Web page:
Along with the more involved match set ups in this mode is the cut scene editor. Want to start your show with all the pyro? No problem. Want to show a contract signing? That is there too. There are literally limitless permutations in this mode as, along with the wealth of scenarios and areas available, there is also the ability to give speech to those involved in a scene. What this means, essentially, is that the mode is only as limited as your imagination. I myself did run into the problem of not being able to find a scenario I thought would be fairly obvious, but it was easy to find a work around, and my story progressed in a slightly different way.
Storylines run for 10 years if you really want to, and can indeed cover every single weekly show as well as every Pay Per View event. They can be as involved or as brief or as ridiculous as you want them to be. However, there is one glaring limitation, and that comes by way of CAS usage. Per month you are only allowed to use a created wrestler ten times. That’s not ten times per wrestler. That’s ten times full stop. So any plans you have on creating the TNA roster and having them invade, well, you can forget it.
This aside, the mode is in depth and easy to use, and certainly adds longevity to the title, something lacking from the past couple years’ games. When you add to this the ability to upload your story to Xbox Live and enable others to enjoy your creation, you realise that there potentially a never ending supply of new content.
Sharing is the new ‘big thing’ this year as, along with storylines, almost everything creatable is available to share online with the community. This seems to have been their main focus with online this year as the multi-player is essentially exactly the same as last year, ie; hit and miss.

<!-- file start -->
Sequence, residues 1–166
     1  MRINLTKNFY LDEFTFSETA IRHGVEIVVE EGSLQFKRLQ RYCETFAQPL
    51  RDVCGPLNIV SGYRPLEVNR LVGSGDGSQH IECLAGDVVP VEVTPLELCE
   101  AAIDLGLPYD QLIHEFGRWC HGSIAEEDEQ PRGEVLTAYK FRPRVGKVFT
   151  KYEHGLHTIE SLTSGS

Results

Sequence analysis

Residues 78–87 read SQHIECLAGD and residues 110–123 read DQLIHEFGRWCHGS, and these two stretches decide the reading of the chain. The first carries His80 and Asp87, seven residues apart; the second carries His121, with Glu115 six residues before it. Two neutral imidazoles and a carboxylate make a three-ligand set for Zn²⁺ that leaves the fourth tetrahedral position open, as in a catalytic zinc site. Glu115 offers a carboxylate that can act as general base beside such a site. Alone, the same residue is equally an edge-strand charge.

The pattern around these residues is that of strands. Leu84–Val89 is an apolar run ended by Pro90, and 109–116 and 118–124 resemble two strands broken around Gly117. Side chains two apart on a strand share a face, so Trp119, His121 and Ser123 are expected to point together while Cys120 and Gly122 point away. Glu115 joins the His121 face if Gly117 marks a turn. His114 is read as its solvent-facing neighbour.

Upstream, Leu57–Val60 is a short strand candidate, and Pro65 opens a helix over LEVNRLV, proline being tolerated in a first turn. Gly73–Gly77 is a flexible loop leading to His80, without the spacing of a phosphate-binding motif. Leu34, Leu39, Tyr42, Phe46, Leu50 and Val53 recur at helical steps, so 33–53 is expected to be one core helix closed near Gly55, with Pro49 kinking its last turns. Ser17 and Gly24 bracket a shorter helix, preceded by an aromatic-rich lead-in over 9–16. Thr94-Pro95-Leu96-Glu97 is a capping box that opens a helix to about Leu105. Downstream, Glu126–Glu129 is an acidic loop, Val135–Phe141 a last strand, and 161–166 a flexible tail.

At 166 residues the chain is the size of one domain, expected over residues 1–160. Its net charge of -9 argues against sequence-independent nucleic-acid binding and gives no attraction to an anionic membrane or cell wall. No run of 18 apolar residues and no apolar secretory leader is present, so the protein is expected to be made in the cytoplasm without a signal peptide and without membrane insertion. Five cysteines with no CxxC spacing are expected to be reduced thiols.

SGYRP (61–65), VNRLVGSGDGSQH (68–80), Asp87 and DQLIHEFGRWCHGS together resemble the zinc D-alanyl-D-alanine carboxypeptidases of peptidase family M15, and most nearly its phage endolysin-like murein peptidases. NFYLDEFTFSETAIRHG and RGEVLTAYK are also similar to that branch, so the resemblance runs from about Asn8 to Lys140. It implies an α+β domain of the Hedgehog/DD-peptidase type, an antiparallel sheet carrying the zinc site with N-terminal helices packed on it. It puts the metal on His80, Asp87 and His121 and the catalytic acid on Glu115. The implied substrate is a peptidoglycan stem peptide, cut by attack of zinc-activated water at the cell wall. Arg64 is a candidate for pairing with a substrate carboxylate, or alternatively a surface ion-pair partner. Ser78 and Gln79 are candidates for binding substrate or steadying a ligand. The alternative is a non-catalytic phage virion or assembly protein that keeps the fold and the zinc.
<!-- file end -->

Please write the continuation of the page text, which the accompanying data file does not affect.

Create a Finisher makes a welcome return, this time adding diving moves into the mix. The mode is as in depth as it ever was, and still is to navigate and construct a killer move. Everyone knows, however, that this is just a way to include moves that they otherwise not be able to. For instance, I created a Samoa Joe and wanted to create his Muscle Buster finisher. CAF enabled me to do this (almost). Obviously, they couldn’t include a move like this normally, probably due to licensing or copy write, but this mode is a way around that. I say ‘almost’ though because there are still some limitations. Whilst it is nice to include diving moves into the mix, the majority of manoeuvres are done in the middle of the ring. This means that, in creating the Muscle Buster for example, I was not able to sit the opponent on the top turnbuckle first in the way that Samoa Joe does. Either way, whatever move you create, the returning ‘edit move set’ enables you to assign it to either existing or created roster members.
The daddy of the creation tools is the Create A Superstar feature. Totally revamped this year, the mode sees the inclusion of fully 3d clothing –instead of painted on – for the first time. The actual graphics of your superstar are much improved too, although still slightly behind the normal wrestlers in quality. As per usual, there is an absolute wealth of options, attires and attributes that can be tweaked, although there does seem to be slightly less clothing and such. Every previous year has utilised a layer system with regards to creating your stars. This year has seen this change to a points system. Everything available has a value, and the trick is to build something within these limits. However, this seems a little mis-managed. Throw a chicken head on your guy, and all of a sudden, half your points evaporate. This seems a little extreme.